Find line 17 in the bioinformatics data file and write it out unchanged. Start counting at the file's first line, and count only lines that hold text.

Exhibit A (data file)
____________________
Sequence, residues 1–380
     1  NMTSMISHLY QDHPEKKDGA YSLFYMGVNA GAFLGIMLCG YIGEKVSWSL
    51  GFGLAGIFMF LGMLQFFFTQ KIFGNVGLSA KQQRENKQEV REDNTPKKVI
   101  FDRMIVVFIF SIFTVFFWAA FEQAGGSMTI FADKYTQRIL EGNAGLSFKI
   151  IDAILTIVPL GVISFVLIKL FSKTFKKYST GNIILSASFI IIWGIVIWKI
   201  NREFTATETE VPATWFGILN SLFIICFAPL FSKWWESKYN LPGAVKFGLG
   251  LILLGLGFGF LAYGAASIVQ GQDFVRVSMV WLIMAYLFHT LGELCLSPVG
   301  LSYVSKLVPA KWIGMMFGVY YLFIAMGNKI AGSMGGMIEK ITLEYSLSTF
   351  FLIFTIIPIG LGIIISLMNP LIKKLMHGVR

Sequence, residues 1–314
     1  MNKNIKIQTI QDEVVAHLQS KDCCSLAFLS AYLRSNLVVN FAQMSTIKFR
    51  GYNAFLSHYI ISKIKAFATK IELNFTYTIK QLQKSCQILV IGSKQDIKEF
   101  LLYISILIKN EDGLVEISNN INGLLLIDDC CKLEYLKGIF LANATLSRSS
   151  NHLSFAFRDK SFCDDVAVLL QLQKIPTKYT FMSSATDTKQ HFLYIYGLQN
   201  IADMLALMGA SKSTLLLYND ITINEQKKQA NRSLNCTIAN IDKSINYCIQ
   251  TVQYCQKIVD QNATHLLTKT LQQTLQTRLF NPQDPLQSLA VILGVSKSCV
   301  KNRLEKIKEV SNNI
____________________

   301  KNRLEKIKEV SNNI